In parts one and two, we looked at structural trends behind the wealth management craze in the securities industry. Part three discussed specific business challenges driving wealth management strategies in private banks and brokerage firms. Let’s continue that discussion.
One Way Too Many
Although most customers attribute value to frequent and personalized service and brokers derive most of their revenue from client interaction activities, most securities firms don’t know how do to this profitability.
In essence, investment and brokerage firms have little to guide them in deciding what to offer to which clients or when and how to do it.
A recent survey by Boston Consulting Group (BCG) bears this out. BCG found brokerage and investment advisory firms’ profitability fell 69 percent last year. Yet costs continued to rise!
In other industries, the solution to the one-size-fits-all client service model has been the service-to-value concept: premium services and loyalty programs for the best and biggest customers; discount and self-service offerings for smaller accounts.
Most investment firms have a similar model: private banking for the wealthy, broker advisory services for the intermediary “mass affluent,” and self-service and/or call-center service levels for smaller accounts.
Instead, there are too many. As we’ll see in part six, many financial planners operate as independent entrepreneurs, each with his or her own style of doing things.
Over- and Underserved
In the investment industry, many customers are overserved. Their accounts are below the minimum level and should be serviced through a lower-cost channel (the BCG report found it’s common in brokerage firms for over half of clients’ asset levels to be below account minimum). Meanwhile, many more affluent clients go underserved.
These underserved accounts typically represent a firm’s most profitable customers, its most promising prospects for repeat business and referrals, and the clients who are most vulnerable to defection through competitor poaching. These are typically high-net-worth individuals who have some of their holdings with the firm. They would prefer an aggregate view and management of their entire financial picture, with innovative and integrated solutions to address individual needs regarding income tax, estate and trusts, charitable giving, succession planning, liquidity (privately and closely held businesses), and so on.
Many brokerage firms lose money on the largest number of accounts, while a far more profitable minority are vulnerable to wealth advisors who offer more specialized and/or personalized service.
Good News, Bad News
In response, firms embrace standardized client-service delivery methodologies, based on client value. In some cases, these new service models are a major improvement in the way advisors conduct business. They spell out firm-approved asset allocation models for less-experienced brokers, mandate regular client visits and periodic portfolio reviews for bigger accounts, and offer private client-like services (hedge funds and separate accounts) for the mass affluent.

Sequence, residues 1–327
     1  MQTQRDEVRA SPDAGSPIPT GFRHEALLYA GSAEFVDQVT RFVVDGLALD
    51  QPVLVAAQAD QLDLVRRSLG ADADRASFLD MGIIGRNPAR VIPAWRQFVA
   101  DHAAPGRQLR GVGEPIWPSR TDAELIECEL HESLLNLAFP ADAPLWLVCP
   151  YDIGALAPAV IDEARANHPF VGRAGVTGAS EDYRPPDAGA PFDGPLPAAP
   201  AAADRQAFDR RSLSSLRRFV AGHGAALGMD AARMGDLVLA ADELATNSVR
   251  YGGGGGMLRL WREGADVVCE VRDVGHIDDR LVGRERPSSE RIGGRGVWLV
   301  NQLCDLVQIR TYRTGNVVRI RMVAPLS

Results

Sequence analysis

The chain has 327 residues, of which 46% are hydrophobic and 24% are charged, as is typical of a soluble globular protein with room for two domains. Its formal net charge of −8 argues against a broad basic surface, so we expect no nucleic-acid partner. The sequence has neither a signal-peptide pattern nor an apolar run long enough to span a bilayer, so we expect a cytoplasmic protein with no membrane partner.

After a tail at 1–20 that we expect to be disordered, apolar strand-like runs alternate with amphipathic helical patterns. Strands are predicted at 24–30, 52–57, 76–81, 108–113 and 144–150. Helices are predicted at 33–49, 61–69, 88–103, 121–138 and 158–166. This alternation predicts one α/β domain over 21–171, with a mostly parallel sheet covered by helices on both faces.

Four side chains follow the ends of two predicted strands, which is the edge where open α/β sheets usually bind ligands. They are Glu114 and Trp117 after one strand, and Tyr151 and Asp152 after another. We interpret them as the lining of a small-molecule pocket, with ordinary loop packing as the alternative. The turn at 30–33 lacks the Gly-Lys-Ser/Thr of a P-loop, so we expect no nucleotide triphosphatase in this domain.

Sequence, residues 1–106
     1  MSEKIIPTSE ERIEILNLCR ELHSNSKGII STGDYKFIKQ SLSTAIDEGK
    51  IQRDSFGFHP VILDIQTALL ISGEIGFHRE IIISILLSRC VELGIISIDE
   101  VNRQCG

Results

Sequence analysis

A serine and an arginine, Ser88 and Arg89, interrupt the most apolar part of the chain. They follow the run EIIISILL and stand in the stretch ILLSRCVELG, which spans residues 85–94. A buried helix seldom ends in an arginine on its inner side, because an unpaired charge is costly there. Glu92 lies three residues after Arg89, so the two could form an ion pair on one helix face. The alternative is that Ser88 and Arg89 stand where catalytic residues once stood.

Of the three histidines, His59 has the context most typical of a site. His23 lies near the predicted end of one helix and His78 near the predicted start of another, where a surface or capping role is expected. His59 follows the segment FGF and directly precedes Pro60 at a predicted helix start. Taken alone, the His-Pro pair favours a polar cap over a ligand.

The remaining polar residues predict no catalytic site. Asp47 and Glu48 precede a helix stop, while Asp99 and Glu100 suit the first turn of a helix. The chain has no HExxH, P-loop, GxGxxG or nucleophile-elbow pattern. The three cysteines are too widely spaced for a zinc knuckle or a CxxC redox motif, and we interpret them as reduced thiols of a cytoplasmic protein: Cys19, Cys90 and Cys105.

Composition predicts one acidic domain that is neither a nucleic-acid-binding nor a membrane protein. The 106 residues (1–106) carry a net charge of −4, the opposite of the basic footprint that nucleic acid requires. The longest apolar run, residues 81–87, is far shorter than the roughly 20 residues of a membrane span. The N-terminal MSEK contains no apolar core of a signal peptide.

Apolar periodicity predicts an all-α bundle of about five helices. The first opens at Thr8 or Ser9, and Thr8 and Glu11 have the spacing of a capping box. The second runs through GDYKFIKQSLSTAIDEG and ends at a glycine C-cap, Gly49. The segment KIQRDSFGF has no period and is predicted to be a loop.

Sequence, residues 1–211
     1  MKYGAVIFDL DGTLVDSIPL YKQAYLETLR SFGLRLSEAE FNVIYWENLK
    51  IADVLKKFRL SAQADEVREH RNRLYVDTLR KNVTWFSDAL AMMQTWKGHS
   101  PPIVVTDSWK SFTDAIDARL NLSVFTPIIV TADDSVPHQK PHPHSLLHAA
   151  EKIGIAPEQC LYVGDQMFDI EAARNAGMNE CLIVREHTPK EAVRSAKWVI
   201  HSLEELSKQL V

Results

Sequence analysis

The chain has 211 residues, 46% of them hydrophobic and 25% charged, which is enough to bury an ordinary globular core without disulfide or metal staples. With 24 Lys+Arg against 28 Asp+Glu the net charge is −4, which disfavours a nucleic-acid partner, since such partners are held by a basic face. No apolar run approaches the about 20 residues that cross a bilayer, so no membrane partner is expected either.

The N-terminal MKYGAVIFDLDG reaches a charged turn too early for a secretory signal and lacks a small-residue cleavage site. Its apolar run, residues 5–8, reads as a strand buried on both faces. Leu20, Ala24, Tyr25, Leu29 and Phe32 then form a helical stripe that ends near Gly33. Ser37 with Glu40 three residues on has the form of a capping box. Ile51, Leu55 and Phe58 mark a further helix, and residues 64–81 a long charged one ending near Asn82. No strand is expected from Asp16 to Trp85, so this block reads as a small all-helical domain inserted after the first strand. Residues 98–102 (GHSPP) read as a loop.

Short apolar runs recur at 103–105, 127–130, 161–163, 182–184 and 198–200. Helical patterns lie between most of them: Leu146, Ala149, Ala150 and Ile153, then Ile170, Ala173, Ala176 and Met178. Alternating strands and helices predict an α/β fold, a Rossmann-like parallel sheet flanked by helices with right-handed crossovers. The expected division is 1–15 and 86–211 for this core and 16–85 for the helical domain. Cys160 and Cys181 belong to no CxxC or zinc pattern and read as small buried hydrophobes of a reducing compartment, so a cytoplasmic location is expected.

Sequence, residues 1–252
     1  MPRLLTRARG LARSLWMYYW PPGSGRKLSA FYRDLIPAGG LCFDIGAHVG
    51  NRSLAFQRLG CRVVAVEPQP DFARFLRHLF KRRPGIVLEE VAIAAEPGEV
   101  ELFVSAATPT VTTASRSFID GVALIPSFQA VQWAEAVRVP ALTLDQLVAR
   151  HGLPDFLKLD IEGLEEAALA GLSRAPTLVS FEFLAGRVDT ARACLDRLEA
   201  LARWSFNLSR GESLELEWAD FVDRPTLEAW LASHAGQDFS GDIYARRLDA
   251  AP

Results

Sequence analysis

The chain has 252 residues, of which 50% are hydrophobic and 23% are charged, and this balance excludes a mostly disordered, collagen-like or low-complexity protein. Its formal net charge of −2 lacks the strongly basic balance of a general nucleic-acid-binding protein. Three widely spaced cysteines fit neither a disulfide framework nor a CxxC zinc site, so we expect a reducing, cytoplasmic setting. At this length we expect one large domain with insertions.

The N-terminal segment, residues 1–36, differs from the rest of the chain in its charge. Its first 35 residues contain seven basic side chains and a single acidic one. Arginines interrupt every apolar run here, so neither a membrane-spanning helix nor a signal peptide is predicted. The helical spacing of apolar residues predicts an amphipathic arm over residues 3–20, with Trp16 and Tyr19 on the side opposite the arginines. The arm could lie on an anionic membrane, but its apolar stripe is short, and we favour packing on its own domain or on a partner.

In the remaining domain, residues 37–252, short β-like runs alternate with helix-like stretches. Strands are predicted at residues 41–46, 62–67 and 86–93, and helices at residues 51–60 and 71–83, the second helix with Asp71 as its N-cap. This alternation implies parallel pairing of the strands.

These new service models and offerings often involve use of sophisticated analytics, designed to make the average stockbroker look like a Wall Street financial engineer. Models come with ways to help advisors pitch more exotic or sophisticated financial instruments, enabling them to offer more innovative, personalized, and integrated client solutions.
New offerings include broader asset classes to diversify risk, such as private equity deals and real-estate products; use of hedge funds and structured contracts and notes and other types of derivative instruments; selective and/or prudent use of leverage to maximize returns via margins or options; and tax optimization strategies through separate accounts, master tax products, and tax wraps.
With the good news comes the bad. Some of these client segmentation strategies entail shunting loyal, long-term, but smaller accounts off to call centers. This can result in a sharply degraded service and user experience. Firms can discover (to their horror) some of their biggest and best clients aren’t happy when their friends and family are treated shabbily. Sometimes, they even hold some of these smaller accounts.
Some of these initiatives force brokers and customers to develop detailed financial plans, an exercise many don’t have time, willingness, or energy for. Some methodologies dictate a set number and frequency of calls — even personal visits — whether or not a given customer wants to be called or visited.
In part five, we’ll look at some key components of these wealth management solutions. We’ll examine some challenges facing all types of securities firms that are implementing these solutions.
Agree? Don’t agree? Got an insight, opinion, or real-world example to share? What are your thoughts? Write to me. Stay turned for parts five and six.
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